Barry Brown: WPC Broadcasting

Author: WPC Connections Team
December 15, 2020

Barry Brown2020 brought the arrival of COVID-19. Fortunately, WPC was ready to continue our worship service due to the forethought of Barry Brown, the person behind the conversion to streaming our worship service over four years ago. When asked how this happened, Barry isn’t sure but assumes it must have been some kind of divine intervention. However, the fact that we have an older congregation (many of whom aren’t able to attend church services regularly) was one factor that motivated Barry to prepare a proposal for Session. Also, he may have had some inquiries about what could be done in this regard. Barry said he’s a bit hazy on how it all got started. Nevertheless, we at WPC are glad it all happened and were so prepared when COVID hit.

What brought you to this area?
Sandy and I enjoyed coming to this area for vacations plus it is less expensive and warmer compared to living in Connecticut.

When did you become part of WPC?
Late 1995. Jim Weaver and the choir were the attraction. Turned out that Jim and I had something in common. We both attended the Fred Waring Youth Choral Workshop at Shawnee on the Delaware, PA. However, we never met because we were two decades apart.

How did you become interested in working on the tech and streaming at WPC?
It was an extension of my career.

What has been the most challenging part of this endeavor?
Dealing with the different technical gremlins that seem to pop up each week. 

What did you do for work (what you did prior to retirement)?
Worked for GTE (now Verizon) for 34 years, my entire professional career. Had many interesting experiences during this period:

    DNC Camera
  • I was on the design team that created the first portable broadcast TV camera, which was used by ABC to cover the 1964 Winter Olympics and the political conventions held that year. Provided tech support for the network at the Republican convention at the Cow Palace in San Francisco.
  • I had some wild experiences on a business trip to Cairo, Egypt, as a member of a team attempting to sell a telephone network to the Mubarak government. First, the person who was originally assigned to provide tech support got sick at the last moment and I was selected to go in his place. This gave me about 24 hours to prepare for the trip. When I got to the hotel in Cairo holding my reservation, the room I was assigned turned out to be a cabana by the pool with a cot. After telling the desk clerk it was not acceptable, I was transferred to their Presidential Suite. Found out later that a VP on our team, who arrived after me, got the cabana.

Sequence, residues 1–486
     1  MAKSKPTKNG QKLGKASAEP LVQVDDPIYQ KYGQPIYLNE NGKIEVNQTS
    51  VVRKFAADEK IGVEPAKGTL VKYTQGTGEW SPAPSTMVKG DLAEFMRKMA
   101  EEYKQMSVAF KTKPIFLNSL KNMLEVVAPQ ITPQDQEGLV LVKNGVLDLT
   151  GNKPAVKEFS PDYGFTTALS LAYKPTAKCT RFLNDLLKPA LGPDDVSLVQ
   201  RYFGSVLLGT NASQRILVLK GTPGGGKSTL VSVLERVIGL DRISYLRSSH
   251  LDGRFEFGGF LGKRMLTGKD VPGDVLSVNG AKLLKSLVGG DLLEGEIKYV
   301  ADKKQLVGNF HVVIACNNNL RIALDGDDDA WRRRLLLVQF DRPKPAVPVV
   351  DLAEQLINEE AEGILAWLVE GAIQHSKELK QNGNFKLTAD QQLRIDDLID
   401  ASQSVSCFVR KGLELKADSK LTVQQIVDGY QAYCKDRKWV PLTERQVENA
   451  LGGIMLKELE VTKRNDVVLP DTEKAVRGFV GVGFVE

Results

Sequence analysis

• I was responsible for the design and construction of a television studio at the corporate headquarters in Stamford, CT. There were many times when famous people would use this studio to record promos and PSAs. Among others, I got to meet and work with Victor Borge, Judy Dench, Joel Gray, Maggie Smith, and Ed Mitchel, the Lunar Module Pilot of Apollo 14.
  • Barry and Sandy BrownIn 1975, Sandy organized the Fairfield Colonial Singers specifically to help celebrate the 1976 Bicentennial. We appeared in 18th-century costumes, including wigs and footwear. We performed for various groups in Fairfield County and sang at the Capitol in Hartford. The most memorable experience was singing with Perry Como on two different occasions at the GTE Executive Christmas Party. GTE sponsored Perry’s TV specials. We also produced a concert video using the studio in Stamford. This video received an award from the U.S. Industrial Film Festival for Creative Excellence in 1976.
  • In 1988, travelled to the Arianespace Spaceport in French Guiana to produce a video of the launch of GTE’s first communications satellite. Turned out to be during the monsoon season, which produced some challenges of keeping the video tape recorder dry and working properly.
  • In 1994, ended my tenure at GTE as Director of Engineering for GTE’s Corporate Television Facility. 

What is a book you have read in the past year that you’d recommend and why?
Chris Wallace’s Countdown 1945. Although I was just a young boy at the time it describes, it is a real page-turner, digging into the planning, testing, and human anguish about carrying out the plan that ended World War II.

What is one thing people would be surprised to learn about you?
I’m a bit of an introvert.

Where did you grow up?  What places have you lived?
Native of Bethlehem, PA. Lived in Batavia, NY, Bedford, MA, Old Saybrook and Fairfield, CT.

What is your favorite childhood memory?
Christmas in Bethlehem, PA

If you were to be or do something different in your life, what would that be?
So far, it’s been a good life. I’ve had many interesting experiences and associations. My avocation has been singing in various choirs and being a soloist for some. I would have enjoyed singing Bach’s “Mass in B-minor” with the Bethlehem Bach Choir but never got the chance. My father, uncle, and aunt all sung in this choir. I’ve been told my first exposure to this work was in a baby carriage outside of the church on the Lehigh University campus, listening through the open windows of the edifice. I’ve returned to their annual spring concert to sit through this immense work, and get goose bumps every time I hear its haunting passages. 

What is a major event that changed your life?
Marrying Sandy.


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